Fight (For Survival) shows a typical Przewalski-like horse on the right, fighting with a horse showing a much more domesticated profile (left). This was the battle experienced by the dominant male in “Wild Horses Return To China” (1) when the herd of newly-released Przewalski’s met up with the inquisitive (and hungry) domesticated horses brought into the release station territory by nomadic herdsmen. 

Captive breeding programs have provided horses for re-introduction into the ancestral ranges in Mongolia and western China. Since the first releases in 1990, Mongolia has built up a herd of 115 ’takhi’ (the local name for the horses), with 76 born into the wild preserves set aside for them to roam. Listening to the research scientists (2), it appears that the first rule of this fight is that we need to talk… To consider the problem of habitat loss that is occurring even as captive breeding continues; compare this to the value of protecting native environments as a priority. After all, if we don’t, will we ever have anywhere to release animals back into?

(1) http://youtu.be/Cg2tVKvKp1A Pure Nature Specials Wild Horses Return To China.
(2) http://youtu.be/4tMFyL5PRr0 Science Bulletins: The Last Wild Horse—The Return of Takhi to Mongolia, American Museum Of Natural History.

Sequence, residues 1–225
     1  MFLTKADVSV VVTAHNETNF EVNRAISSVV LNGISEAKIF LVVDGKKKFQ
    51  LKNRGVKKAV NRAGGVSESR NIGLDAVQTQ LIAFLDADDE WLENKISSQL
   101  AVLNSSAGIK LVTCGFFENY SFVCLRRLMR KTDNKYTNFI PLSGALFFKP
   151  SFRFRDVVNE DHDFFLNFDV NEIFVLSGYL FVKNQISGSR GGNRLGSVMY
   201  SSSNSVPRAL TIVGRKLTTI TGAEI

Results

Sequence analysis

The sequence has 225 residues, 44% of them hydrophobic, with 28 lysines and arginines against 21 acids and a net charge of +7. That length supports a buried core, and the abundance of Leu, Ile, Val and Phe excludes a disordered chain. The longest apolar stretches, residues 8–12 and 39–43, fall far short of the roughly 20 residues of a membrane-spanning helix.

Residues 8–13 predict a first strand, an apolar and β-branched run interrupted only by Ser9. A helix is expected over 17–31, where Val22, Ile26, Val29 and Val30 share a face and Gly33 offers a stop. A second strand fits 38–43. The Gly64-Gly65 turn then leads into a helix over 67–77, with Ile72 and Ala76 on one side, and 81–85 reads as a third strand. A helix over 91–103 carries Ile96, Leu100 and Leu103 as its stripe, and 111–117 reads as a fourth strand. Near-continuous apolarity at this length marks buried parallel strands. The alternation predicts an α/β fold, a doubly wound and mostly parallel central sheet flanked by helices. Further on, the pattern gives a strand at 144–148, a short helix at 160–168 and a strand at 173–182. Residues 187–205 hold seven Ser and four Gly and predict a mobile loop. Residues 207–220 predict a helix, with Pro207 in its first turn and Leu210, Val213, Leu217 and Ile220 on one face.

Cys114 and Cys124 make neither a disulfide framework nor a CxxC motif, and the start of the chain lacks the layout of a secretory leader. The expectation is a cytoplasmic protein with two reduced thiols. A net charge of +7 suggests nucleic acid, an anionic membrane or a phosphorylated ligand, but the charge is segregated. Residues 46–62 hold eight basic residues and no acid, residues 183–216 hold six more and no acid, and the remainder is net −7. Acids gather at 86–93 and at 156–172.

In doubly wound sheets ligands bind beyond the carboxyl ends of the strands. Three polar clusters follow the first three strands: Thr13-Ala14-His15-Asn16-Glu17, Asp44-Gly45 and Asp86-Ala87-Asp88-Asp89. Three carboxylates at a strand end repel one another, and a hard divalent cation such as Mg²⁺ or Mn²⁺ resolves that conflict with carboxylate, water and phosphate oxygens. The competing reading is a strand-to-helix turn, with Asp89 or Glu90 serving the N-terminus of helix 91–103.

This picture is one of a 17-piece installation, "In Dreams", depicting horse behaviours, on show at the Alberta Craft Council in Edmonton, Alberta, until December 24, 2014.

Thursday, October 23, 2014

the longest walk

Whilst researching horses for the In Dreams installation I got to indulge in something I don’t usually have time to do: I spent hours on YouTube. I allowed myself to look into people-horse culture on the web, and catch up with some important stories, like a 2012 documentary (1) on the release back into the wild of endangered Przewalski’s Horse (2).

The Longest Walk, a constant search for food and water. Chased aluminium panel in alder frame. 2014.

The small herd has a huge battle ahead, not least as they meet up with the domesticated horses of nomadic herdsmen, competing for the same grazing territory, and are forced away from the support of food and water at the release station. The Longest Walk is about migration: the constant search for resources, and space for life in the herd.